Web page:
In 2009, Overtoun Jenda, a professor of mathematics at Auburn University in Alabama, attended the annual meeting of the Southern Africa Mathematical Sciences Association in Tanzania. He was the only scholar from a U.S. university at the conference.
Professor Jenda and his colleagues at Auburn then formed the Masamu Program to increase cooperation between African mathematicians and those in the West. The program received a two-year grant from the National Science Foundation and held its first conference in Zambia in 2011. The grant covers the costs of U.S. mathematicians’ participation in the conferences. Subsequently, grant money has been expanded for another five years. At the first Masamu Advanced Study Institute, there were 41 faculty members in attendance. At last year’s event in Zimbabwe, there were 57 faculty members. The next conference will be held in Namibia in November.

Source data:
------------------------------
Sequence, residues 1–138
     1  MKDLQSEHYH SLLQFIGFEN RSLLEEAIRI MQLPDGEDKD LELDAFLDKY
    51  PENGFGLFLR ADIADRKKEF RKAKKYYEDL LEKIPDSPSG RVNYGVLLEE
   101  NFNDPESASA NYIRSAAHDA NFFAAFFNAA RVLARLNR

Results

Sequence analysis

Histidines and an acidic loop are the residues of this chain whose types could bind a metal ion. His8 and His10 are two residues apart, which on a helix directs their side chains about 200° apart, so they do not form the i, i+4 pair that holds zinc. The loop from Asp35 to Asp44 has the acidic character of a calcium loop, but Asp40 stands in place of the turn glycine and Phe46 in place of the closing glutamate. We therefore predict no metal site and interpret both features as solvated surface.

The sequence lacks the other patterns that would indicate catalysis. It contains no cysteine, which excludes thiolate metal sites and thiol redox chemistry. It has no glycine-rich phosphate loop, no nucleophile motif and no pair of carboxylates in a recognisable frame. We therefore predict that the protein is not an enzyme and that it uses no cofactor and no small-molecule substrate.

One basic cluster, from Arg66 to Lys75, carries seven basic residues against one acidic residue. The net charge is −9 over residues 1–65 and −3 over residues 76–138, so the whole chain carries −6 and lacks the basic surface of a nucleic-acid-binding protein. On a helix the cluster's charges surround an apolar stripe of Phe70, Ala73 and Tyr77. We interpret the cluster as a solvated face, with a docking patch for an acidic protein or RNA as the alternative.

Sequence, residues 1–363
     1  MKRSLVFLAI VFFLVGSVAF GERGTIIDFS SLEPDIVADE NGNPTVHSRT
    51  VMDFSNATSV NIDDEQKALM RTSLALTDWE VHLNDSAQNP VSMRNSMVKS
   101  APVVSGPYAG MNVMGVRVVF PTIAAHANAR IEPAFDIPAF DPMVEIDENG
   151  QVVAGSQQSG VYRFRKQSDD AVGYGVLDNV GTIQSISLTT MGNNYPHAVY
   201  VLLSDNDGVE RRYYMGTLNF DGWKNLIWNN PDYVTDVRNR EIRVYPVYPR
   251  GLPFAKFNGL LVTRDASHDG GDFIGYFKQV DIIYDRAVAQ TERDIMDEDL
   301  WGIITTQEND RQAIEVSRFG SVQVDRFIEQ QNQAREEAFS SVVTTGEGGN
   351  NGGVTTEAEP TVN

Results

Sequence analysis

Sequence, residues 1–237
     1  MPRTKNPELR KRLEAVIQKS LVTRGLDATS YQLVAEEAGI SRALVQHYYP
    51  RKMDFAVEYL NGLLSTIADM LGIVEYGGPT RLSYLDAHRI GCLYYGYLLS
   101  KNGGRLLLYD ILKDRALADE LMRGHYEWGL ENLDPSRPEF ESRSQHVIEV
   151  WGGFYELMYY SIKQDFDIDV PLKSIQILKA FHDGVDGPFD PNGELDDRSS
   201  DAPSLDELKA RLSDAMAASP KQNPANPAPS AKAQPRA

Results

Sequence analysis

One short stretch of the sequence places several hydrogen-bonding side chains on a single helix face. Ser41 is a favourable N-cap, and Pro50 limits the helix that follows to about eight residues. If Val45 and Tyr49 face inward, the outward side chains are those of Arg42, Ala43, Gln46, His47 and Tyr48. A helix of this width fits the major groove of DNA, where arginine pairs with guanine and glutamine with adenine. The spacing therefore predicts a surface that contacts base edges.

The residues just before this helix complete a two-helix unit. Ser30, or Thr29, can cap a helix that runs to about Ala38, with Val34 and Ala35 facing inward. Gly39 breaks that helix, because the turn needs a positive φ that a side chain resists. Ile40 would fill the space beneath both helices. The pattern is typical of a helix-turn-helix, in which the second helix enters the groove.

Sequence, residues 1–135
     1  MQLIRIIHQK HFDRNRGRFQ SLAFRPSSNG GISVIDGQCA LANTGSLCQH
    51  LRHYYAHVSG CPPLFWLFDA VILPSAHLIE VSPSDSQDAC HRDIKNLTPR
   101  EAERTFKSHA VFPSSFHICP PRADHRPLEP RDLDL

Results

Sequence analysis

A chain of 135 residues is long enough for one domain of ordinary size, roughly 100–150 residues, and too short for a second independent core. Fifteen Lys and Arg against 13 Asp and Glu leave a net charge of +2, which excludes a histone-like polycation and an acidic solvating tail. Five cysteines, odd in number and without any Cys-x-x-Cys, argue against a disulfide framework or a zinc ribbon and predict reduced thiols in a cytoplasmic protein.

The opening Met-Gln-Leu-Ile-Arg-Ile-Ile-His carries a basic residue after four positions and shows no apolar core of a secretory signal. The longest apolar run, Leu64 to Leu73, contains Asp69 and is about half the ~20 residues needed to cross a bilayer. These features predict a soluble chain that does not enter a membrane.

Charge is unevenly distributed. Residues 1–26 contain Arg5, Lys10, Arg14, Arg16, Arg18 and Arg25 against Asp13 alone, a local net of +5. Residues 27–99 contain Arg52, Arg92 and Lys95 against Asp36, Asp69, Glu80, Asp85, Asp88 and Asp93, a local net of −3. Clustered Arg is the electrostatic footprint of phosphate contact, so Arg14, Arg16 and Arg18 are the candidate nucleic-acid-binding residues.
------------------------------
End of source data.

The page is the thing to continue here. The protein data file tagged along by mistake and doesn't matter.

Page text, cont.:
“The main purpose of the program is to promote U.S.-African collaboration on research,” reports Dr. Jenda. “There are very good mathematicians in Africa, and the Masamu Program offers several research areas for faculty and students to work together.”
Dr. Jenda also serves as associate provost for diversity and multicultural affairs at Auburn. Before joining the Auburn faculty in 1988, he taught at the University of Malawi, the University of Botswana, and the University of Kentucky. Professor Jenda is a graduate of the University of Malawi and holds a master’s degree and a Ph.D. in mathematics from the University of Kentucky.
For more on the Masamu Program, click here.